“That changed my life,” Deller said. “It was my world. These are my people.”
He studied at the Smithsonian Institution’s Conservation Analytical Laboratory for three years and in 1993 he was elected as a professional associate by the AIC. In 2015, Deller reached the top level of conservator and was named a fellow.
Deller is the former president of the Chicago Area Conservation Group, is on the board of directors of the Madison Trust for Historic Preservation and he teaches conservation techniques every Friday in the graduate program at the School of the Art Institute of Chicago.
Deller had been based in Geneva, Illinois, where he had a 5,000-square-foot studio, but the 2008 recession killed his business. He moved to Madison in 2014 to be closer to family and now operates out of his house just north of the Beltline.
The bell, and an engine hoist to maneuver the piece, was delivered to his garage by a church parishioner last Monday. Deller began working on the bell on Thursday when he used a stiff nylon brush and a vacuum cleaner to remove dirt and other debris from about a one-foot section of the bell’s bracket. That was followed by a handheld steam cleaner and a toothbrush to gently scrub the area before it was dried with a heat gun.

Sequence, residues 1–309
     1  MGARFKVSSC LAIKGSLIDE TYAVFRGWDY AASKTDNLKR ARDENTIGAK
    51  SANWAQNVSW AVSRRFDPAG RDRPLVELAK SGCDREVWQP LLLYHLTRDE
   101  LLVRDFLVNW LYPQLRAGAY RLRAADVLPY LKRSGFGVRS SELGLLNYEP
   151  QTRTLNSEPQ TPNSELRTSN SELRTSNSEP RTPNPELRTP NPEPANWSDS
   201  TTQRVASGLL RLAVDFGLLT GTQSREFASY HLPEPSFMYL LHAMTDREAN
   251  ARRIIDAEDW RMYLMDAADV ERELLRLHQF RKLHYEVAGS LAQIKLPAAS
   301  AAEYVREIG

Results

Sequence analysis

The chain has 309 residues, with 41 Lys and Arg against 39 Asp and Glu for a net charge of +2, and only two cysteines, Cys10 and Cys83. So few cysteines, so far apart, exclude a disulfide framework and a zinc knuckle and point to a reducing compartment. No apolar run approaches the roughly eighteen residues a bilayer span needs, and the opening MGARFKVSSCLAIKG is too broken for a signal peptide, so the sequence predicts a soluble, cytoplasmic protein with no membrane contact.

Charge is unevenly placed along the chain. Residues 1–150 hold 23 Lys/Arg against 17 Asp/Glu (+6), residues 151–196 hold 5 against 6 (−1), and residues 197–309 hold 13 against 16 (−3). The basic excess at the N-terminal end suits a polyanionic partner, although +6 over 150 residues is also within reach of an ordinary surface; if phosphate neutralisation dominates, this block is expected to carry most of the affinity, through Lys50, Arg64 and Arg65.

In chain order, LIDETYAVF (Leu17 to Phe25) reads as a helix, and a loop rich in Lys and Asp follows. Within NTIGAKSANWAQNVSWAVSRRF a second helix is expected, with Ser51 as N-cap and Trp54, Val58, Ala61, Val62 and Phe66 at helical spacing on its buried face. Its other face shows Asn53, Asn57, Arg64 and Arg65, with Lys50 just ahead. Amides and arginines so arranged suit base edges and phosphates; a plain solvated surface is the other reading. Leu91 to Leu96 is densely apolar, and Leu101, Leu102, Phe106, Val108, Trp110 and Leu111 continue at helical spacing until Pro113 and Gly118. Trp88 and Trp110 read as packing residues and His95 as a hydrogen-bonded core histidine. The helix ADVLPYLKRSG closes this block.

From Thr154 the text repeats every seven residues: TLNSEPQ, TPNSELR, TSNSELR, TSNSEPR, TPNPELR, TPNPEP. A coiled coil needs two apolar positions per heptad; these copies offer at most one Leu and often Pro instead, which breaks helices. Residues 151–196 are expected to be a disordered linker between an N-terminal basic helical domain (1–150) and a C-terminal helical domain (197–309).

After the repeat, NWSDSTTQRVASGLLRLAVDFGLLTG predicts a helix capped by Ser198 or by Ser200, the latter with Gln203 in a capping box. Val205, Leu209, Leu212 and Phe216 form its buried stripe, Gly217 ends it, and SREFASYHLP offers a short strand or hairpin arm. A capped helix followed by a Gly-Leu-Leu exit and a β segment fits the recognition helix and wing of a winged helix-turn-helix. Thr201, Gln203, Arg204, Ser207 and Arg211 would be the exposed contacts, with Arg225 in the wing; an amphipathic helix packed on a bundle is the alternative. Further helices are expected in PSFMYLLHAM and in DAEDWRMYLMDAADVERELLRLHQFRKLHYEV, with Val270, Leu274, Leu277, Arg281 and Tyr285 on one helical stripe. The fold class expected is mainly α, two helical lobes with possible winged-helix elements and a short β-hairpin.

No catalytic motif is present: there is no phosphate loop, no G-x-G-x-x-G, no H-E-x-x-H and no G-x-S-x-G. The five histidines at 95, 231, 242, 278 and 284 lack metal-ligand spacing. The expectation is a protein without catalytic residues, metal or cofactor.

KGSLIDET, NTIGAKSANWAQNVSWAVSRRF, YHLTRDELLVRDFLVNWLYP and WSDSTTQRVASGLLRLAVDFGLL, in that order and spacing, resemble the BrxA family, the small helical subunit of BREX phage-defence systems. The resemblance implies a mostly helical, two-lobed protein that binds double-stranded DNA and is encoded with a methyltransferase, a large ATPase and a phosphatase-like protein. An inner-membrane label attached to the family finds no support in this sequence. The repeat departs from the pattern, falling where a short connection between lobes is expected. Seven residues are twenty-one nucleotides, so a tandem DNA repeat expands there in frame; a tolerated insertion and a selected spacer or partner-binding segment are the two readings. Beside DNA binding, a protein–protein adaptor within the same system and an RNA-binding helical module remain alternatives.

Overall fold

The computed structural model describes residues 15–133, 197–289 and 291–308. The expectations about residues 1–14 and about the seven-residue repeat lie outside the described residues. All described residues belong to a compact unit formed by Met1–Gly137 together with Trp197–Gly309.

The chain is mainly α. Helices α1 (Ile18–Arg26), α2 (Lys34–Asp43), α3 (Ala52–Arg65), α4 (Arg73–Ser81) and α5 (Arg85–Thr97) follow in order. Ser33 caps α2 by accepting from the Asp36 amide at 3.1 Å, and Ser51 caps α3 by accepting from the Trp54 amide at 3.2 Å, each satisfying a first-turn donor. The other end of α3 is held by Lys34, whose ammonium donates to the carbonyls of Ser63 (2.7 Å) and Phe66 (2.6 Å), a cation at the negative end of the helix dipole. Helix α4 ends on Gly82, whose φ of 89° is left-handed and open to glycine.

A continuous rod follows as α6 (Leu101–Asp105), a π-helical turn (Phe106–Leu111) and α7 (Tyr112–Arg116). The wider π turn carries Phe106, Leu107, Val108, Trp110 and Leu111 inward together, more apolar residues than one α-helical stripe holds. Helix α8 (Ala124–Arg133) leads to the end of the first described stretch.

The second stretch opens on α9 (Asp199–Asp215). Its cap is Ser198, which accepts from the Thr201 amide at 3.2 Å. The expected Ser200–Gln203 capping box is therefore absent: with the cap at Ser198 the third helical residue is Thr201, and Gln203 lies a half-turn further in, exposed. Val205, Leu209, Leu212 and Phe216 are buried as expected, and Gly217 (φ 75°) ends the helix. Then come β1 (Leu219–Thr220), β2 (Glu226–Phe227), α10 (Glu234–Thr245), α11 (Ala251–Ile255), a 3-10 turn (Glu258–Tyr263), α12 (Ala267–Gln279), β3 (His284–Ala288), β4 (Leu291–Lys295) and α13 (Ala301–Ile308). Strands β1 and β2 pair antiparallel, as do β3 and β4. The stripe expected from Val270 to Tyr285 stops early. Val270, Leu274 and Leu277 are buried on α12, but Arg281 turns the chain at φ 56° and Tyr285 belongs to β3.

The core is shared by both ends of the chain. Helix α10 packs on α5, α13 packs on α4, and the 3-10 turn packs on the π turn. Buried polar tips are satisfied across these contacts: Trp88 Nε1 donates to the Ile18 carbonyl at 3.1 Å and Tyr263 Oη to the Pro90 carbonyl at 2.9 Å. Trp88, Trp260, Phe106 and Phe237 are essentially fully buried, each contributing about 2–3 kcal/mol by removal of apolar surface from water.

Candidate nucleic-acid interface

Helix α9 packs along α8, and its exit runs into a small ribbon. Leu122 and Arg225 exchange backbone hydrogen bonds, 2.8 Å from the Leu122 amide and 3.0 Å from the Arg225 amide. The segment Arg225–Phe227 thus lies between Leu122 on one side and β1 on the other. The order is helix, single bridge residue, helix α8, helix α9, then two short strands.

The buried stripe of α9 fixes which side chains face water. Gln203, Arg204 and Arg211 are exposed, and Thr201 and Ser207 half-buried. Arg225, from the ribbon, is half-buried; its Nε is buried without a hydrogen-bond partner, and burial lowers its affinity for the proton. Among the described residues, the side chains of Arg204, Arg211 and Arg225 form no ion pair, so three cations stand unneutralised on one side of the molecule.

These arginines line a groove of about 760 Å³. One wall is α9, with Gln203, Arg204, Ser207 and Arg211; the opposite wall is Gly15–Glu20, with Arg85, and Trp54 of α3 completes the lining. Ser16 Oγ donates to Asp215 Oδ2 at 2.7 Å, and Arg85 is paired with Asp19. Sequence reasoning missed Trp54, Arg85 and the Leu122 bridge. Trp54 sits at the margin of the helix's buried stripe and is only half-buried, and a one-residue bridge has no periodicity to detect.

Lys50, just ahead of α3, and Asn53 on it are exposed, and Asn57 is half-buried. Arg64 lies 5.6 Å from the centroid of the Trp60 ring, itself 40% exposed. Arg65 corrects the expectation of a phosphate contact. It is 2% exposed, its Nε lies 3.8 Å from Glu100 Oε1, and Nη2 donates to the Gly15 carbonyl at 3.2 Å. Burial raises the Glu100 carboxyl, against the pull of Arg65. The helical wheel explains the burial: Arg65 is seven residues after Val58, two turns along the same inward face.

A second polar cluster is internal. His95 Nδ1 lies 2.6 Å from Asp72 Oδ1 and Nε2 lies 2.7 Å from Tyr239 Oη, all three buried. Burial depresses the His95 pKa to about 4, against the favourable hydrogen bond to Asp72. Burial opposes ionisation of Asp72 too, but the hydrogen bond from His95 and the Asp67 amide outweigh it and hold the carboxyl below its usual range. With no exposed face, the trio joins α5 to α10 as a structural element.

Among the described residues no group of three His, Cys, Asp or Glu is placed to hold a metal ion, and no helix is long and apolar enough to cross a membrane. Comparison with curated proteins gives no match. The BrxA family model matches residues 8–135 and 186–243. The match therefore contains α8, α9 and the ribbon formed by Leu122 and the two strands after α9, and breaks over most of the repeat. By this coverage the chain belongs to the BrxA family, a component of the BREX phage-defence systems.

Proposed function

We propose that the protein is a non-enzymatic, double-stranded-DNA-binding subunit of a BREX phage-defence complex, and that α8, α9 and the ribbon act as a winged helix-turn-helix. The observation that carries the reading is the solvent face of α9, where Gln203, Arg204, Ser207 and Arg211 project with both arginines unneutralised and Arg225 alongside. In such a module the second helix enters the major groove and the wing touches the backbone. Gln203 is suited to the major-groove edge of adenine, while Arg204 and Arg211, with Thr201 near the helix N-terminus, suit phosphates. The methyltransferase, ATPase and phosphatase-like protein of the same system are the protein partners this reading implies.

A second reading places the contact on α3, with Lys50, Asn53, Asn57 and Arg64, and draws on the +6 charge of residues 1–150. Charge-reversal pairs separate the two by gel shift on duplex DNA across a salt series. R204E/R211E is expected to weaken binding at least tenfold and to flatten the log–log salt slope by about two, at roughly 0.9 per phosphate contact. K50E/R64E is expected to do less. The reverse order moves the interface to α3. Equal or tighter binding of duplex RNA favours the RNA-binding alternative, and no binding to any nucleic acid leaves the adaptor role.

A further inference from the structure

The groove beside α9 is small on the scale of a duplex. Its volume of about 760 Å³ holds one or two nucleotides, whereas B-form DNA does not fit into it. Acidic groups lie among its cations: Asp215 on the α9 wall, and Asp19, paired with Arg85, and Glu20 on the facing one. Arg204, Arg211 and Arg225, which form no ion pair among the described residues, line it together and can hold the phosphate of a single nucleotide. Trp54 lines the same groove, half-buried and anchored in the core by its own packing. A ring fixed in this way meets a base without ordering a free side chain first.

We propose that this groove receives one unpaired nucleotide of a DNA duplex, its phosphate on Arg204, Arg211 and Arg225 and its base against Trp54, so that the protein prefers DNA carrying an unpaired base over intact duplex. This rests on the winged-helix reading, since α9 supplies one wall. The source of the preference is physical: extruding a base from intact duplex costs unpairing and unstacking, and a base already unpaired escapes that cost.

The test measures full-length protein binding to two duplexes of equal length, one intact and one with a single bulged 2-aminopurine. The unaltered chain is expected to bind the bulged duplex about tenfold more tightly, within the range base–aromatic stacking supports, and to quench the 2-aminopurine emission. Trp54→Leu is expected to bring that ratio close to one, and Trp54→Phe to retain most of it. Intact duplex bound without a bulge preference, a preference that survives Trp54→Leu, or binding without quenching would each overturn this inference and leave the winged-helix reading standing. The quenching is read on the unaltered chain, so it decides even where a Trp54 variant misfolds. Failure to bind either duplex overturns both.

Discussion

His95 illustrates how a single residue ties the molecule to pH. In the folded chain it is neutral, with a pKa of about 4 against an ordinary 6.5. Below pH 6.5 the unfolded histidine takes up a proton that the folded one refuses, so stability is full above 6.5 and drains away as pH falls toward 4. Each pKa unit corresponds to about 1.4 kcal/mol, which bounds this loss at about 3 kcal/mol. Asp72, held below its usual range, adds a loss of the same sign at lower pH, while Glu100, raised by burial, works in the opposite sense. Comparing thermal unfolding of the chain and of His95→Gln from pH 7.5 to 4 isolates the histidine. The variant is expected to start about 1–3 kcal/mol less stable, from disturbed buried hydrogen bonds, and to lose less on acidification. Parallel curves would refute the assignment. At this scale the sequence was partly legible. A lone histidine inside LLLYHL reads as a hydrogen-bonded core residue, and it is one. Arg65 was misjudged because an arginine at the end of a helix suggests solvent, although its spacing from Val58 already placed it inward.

Once cleaned, which will take about three weeks, Deller will cover the bell and the bracket with a combination of beeswax, candelilla wax and carnauba wax that is dyed black. The wax mixture will help protect the bell from the elements and give it a uniform look.
“We may have to come back and wax it every once in a while, which is fine and pretty common in outdoor sculpture. And that’s what this has become,” Deller said. “It’s no longer a functioning bell. It’s an outdoor sculpture.”
Barry Adams covers regional news for the Wisconsin State Journal. Send him ideas for On Wisconsin at 608-252-6148 or by email at firstname.lastname@example.org.